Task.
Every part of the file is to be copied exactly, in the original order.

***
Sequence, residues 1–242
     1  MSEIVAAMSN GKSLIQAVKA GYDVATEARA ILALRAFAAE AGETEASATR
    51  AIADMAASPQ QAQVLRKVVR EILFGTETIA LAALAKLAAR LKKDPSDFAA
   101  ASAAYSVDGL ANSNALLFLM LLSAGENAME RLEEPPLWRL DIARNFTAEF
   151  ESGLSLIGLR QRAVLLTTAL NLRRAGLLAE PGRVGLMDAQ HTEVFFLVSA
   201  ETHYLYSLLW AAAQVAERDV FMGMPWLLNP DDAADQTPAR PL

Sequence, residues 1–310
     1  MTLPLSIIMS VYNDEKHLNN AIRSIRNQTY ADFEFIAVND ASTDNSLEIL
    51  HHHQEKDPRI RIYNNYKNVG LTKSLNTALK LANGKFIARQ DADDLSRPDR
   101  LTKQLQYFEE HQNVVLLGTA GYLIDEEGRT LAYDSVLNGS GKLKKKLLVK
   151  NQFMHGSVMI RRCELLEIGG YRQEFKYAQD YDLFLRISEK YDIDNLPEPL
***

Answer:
Sequence, residues 1–242
     1  MSEIVAAMSN GKSLIQAVKA GYDVATEARA ILALRAFAAE AGETEASATR
    51  AIADMAASPQ QAQVLRKVVR EILFGTETIA LAALAKLAAR LKKDPSDFAA
   101  ASAAYSVDGL ANSNALLFLM LLSAGENAME RLEEPPLWRL DIARNFTAEF
   151  ESGLSLIGLR QRAVLLTTAL NLRRAGLLAE PGRVGLMDAQ HTEVFFLVSA
   201  ETHYLYSLLW AAAQVAERDV FMGMPWLLNP DDAADQTPAR PL

Sequence, residues 1–310
     1  MTLPLSIIMS VYNDEKHLNN AIRSIRNQTY ADFEFIAVND ASTDNSLEIL
    51  HHHQEKDPRI RIYNNYKNVG LTKSLNTALK LANGKFIARQ DADDLSRPDR
   101  LTKQLQYFEE HQNVVLLGTA GYLIDEEGRT LAYDSVLNGS GKLKKKLLVK
   151  NQFMHGSVMI RRCELLEIGG YRQEFKYAQD YDLFLRISEK YDIDNLPEPL